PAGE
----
– Most exporting small and medium-sized enterprises (SMEs) report no improvement in their exports, with 27% reporting a decline in export sales over the quarter and 47% reporting no change.
– Only 26% of exporting SMEs saw their export sales increase.
– The picture for future orders is even bleaker, with 28% reporting a decrease and 24% an increase.
– The top three cost pressures for exporting SMEs are energy (72%), labour (67%) and raw materials (61%).
A survey of more than 2,300 UK SME exporters has revealed that UK foreign trade continues to languish as the global economy enters another difficult year.
More exporting SMEs reported a fall in export sales (27%) than an increase (26%).
Just over a third of exporting SMEs (36%) expect profitability to increase over the next 12 months, while an almost equal number (35%) expect it to decrease.
The BCC’s Quarterly Business Confidence Outlook for Q4 2022 also showed that exporting SMEs’ operating margins remain squeezed, with 64% planning to increase their prices.
The top three cost pressures continue to dominate, with utilities, labour costs and raw materials again the main concerns for exporters.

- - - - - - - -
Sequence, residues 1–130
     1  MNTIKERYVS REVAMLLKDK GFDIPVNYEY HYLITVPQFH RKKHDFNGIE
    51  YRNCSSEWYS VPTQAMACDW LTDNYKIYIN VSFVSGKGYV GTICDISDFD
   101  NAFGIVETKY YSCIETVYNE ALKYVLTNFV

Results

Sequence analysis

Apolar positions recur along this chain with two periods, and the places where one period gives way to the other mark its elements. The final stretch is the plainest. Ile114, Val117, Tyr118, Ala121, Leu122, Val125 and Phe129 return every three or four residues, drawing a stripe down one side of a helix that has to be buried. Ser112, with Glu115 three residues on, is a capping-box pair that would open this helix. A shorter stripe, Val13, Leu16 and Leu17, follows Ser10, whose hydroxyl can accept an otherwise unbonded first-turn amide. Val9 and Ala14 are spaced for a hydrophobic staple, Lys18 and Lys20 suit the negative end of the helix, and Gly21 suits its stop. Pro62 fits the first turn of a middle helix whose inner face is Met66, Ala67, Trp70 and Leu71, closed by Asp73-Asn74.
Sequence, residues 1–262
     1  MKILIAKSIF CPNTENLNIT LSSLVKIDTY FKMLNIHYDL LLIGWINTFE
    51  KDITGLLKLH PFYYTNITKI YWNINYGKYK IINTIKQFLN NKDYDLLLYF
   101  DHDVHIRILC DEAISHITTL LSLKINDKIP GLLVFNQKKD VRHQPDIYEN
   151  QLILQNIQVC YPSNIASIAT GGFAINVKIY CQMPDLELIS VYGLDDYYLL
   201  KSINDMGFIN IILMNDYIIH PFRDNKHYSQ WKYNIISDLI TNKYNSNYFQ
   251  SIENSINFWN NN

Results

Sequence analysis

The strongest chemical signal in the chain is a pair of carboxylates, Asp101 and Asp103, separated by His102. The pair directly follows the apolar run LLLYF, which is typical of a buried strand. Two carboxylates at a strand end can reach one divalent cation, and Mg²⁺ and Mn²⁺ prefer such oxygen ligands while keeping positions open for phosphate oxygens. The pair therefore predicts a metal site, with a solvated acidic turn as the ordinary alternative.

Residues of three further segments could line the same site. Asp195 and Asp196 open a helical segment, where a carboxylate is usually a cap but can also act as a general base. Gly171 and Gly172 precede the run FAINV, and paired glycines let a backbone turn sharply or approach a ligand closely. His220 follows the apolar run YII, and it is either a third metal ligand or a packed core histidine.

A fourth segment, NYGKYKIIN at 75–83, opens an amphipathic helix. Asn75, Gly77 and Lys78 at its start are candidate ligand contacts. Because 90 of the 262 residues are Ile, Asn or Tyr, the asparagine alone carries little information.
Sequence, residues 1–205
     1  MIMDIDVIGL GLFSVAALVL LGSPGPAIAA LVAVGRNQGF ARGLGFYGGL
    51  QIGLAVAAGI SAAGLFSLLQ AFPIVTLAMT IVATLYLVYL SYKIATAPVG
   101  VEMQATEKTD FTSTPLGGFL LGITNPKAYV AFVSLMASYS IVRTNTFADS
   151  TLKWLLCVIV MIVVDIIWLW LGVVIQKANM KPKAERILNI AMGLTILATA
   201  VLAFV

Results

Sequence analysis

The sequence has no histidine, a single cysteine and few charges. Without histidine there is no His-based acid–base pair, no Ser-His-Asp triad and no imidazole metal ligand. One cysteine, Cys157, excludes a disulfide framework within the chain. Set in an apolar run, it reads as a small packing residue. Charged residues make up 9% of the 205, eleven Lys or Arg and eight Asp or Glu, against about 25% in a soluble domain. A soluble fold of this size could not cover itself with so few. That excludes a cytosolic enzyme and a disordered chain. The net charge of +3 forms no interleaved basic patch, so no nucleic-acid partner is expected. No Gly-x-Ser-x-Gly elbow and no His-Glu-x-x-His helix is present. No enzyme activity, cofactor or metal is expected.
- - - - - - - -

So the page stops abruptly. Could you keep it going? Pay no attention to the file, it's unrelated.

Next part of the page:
William Bain, head of trade policy at the British Chambers of Commerce, reacted to the findings:
“Last autumn the World Trade Organisation forecast world trade growth of just 1% in 2023, down from 3% in 2022. This creates huge headwinds for small UK businesses that have been hit by pandemic, Brexit and energy price shocks.
“The sudden full reopening of China could also create further turbulence in the supply chain this year, if the Covid pandemic continues to impact on economic health and output.
“Against this backdrop, it could be some time before the global shipping and trading systems return to near normalcy.
“The UK government cannot afford to sit back and do nothing as we head into such uncertain trading conditions.
“It must throw a lifeline to our struggling exporters who are desperately trying to keep their heads above water.
“Despite the much welcomed recent progress on data sharing, the unresolved Northern Ireland protocol situation continues to influence the UK’s relationship with the EU and the US.
“Resolving the remaining protocol issues paves the way for potential benefits for UK businesses in the east and west directions, as well as for Northern Ireland.
“Outside the EU, the US is our largest trading partner and the one of most interest to BCC members, but free trade negotiations have stalled.
“As the anniversary of the Good Friday Agreement approaches, the UK has a golden opportunity to transform its trading relationship with its two biggest export markets in one fell swoop.
“Other measures the government should consider include providing effective end-to-end trade finance and setting up a trade accelerator – working with our global network to help businesses enter new markets and maximise their sales.”